J Street, the new dovish Israel lobby, has a big new survey of Jewish voters. That’s the good news. The bad news is that, typical of surveys by ideologically driven organizations, far too many of the questions are posed in so ideologically skewed a way as to render many of the results if not worthless than highly problematic.
On the non-worthless side, the survey shows support for Barack Obama over John McCain at 62 percent to 32 percent, which is consistent with other findings. It asks for favorability ratings on a range of figures and organizations, and finds that, for example, that Obama (57.8 percent) rates higher than Joe Lieberman (41.7). Indeed, Obama rates higher than any other item on the list (including AIPAC) except for the respondent’s local Jewish federation–but it can be no accident that Hillary Clinton’s name is left off. So there can be no stories about Jews (still) preferring Clinton to Obama.
On the problematic side, many of the questions on peace are worded in such a way as to maximize the J Street agenda. For example, by nearly two to one, respondents agreed with the following statement:
Israel’s recent cease fire with Hamas has resulted in Hamas ending its rocket attacks from Gaza into southern Israel. This agreement between Israel and Hamas demonstrates that the best path for Israel requires non-military solutions and negotiations to resolve the disputes with the Palestinians.
A series of questions on Rev. Hagee begins on an even-handed note:
Now, we are going to look at something different. As you may know, there is an organization called Christians United for Israel that is led by Reverend John Hagee and works to build support for Israel among evangelical Christians. Do you have a positive or negative impression of Christians United for Israel?
It is telling that by 51 percent to 19 percent, respondents had a negative impression. But the Hagee negatives go much higher after questions like the following:
Below are two statements about Christians United for Israel and its leader Reverend John Hagee. One statement comes from supporters of the organization and the other statement comes from opponents of the organization. Both statements are factually accurate. After reading each statement, please mark whether you think Jewish leaders and institutions should form alliances and partnerships with Christians United for Israel and Reverend John Hagee.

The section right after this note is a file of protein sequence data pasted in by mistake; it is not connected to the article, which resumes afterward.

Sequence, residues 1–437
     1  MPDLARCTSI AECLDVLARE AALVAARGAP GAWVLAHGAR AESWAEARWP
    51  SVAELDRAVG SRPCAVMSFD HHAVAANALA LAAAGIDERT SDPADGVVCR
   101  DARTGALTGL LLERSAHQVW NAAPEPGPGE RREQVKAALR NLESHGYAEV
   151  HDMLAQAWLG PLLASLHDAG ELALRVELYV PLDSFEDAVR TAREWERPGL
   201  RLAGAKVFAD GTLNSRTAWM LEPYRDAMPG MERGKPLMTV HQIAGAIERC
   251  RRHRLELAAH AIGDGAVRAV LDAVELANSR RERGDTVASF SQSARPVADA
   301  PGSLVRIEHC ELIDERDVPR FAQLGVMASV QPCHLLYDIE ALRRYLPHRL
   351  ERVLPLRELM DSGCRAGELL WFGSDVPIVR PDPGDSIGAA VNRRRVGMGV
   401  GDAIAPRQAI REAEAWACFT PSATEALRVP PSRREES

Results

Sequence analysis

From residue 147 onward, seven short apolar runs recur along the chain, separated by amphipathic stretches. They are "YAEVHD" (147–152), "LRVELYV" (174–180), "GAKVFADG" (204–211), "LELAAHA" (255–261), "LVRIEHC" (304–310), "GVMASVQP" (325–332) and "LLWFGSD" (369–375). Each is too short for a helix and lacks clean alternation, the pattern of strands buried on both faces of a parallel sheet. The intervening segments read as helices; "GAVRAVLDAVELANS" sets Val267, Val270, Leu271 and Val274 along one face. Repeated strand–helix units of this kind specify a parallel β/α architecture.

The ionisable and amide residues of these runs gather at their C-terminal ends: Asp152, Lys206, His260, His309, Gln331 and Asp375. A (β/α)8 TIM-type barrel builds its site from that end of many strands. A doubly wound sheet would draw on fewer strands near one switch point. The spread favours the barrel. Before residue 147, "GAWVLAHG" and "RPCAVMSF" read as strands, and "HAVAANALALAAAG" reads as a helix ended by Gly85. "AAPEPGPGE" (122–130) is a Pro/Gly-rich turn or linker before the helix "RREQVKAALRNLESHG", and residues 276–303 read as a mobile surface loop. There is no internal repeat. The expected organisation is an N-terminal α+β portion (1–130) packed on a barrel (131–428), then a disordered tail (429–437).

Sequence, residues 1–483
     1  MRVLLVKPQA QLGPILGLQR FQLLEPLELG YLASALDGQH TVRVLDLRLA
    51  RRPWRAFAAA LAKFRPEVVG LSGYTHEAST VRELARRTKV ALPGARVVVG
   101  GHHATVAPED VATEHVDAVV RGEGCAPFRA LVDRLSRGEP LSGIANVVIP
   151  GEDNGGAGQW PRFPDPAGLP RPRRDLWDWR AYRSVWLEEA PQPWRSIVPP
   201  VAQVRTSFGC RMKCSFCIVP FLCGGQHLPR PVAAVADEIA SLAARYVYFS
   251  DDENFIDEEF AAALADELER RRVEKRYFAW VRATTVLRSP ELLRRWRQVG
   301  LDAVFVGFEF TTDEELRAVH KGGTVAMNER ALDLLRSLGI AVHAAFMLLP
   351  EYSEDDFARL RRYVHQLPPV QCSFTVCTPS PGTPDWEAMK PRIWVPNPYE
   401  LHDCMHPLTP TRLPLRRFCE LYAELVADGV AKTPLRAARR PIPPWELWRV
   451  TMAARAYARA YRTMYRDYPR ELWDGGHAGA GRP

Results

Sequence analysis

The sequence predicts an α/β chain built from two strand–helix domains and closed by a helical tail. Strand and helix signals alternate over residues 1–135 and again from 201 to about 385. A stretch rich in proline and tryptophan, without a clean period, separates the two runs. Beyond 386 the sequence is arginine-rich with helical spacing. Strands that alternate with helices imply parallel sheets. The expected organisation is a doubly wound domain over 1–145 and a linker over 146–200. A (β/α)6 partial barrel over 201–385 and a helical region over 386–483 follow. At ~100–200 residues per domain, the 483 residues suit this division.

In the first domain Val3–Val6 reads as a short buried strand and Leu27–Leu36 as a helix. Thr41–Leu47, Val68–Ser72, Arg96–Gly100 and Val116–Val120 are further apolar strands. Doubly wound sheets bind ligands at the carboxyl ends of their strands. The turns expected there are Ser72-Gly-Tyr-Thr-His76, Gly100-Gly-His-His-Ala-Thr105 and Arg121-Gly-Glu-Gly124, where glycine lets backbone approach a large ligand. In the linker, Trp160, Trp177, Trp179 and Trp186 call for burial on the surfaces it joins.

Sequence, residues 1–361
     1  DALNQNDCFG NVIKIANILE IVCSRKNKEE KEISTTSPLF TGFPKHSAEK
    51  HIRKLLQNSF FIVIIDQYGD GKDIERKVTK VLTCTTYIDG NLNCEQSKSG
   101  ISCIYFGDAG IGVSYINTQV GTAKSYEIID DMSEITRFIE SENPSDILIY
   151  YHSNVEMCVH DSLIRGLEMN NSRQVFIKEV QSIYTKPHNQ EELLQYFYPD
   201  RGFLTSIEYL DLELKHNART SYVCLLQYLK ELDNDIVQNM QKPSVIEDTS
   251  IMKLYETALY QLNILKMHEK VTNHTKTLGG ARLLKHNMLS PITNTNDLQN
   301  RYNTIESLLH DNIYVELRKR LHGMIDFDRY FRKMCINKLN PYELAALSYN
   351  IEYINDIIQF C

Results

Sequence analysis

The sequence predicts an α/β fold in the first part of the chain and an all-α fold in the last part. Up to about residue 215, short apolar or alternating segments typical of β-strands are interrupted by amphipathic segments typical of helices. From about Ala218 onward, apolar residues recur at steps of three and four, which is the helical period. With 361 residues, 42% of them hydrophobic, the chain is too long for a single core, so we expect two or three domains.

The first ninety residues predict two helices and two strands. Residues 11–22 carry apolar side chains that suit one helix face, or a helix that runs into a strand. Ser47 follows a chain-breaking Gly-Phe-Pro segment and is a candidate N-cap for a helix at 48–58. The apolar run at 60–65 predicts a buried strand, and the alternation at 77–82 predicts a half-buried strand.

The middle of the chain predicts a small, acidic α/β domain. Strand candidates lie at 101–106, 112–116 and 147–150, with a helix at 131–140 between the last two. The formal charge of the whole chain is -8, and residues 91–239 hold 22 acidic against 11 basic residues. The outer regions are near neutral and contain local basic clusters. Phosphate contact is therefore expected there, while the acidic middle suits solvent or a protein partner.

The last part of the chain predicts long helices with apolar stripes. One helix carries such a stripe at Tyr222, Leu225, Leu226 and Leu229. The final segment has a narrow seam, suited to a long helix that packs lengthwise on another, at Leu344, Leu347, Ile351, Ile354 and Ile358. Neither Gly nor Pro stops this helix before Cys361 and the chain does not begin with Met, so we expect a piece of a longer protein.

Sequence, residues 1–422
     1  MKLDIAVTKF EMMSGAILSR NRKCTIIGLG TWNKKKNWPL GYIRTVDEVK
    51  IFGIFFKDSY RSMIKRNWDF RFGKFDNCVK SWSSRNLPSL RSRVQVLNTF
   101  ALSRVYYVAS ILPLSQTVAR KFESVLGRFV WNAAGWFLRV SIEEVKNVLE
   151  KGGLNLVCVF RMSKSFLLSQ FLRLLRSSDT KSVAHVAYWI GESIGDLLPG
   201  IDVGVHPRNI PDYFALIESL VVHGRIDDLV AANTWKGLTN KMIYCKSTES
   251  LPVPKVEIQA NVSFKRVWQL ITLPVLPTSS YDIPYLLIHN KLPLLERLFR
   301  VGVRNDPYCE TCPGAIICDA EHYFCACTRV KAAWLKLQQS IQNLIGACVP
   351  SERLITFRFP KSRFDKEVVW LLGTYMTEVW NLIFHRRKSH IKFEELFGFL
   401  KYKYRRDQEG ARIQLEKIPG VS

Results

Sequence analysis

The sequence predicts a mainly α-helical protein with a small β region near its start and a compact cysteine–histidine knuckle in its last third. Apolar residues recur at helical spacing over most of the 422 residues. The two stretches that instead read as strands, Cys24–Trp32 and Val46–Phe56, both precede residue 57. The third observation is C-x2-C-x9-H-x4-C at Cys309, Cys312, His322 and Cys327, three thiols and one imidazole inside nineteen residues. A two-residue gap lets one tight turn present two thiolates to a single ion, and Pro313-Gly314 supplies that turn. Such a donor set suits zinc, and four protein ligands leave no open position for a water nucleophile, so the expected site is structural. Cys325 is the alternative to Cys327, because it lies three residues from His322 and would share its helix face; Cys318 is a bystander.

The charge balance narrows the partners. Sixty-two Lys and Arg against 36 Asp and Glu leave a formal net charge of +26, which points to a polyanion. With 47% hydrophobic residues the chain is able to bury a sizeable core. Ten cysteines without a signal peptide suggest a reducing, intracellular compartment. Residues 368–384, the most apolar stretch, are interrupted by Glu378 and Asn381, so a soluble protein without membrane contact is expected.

Supporters of Christians United for Israel say Christians have a Biblical obligation to defend Israel and the Jewish people’s right to all of Biblical Israel. With Iran’s President serving as a new Hitler who has threatened to wipe out Israel and America, Christians must do whatever they can to protect Israel’s six million Jews from the second Holocaust. This means mobilizing millions of Christians to call on the U.S. government not to pressure Israel to make territorial concessions and making sure initiatives like the recent Annapolis Peace Summit do not lead to American coercion of Israel in future negotiations. As the Bible says, for Zion’s sake, we will not hold our peace and for Jerusalem’s sake, we will not rest.
Opponents of Christians United for Israel say the organization is a far right wing group led by Reverend John Hagee whose work and close ties with extremists is bad for Israel. Hagee worked to undermine Israel’s withdrawal from Gaza and he expressed support for the man who assassinated Yitzhak Rabin because the assassin was motivated by a Biblical imperative to redeem the Land of Israel. Hagee opposes a two-state solution between Israelis and Palestinians or any territorial compromise, he uses his influence with conservative Republicans to undermine any efforts by the U.S. to advance peace, and his organization provides funding to illegal Israeli settlements throughout the West Bank.
After reading these statements, do you think Jewish leaders and institutions should form alliances and partnerships with Christians United for Israel and Reverend John Hagee?
Hagee’s position on a two-state solution is more complicated than the opponents’ position suggests; and he has publicly declared his support for the Israeli government’s peace efforts.
Not to drag this out too far, but before taking J Street’s claims at face value, read the survey yourself.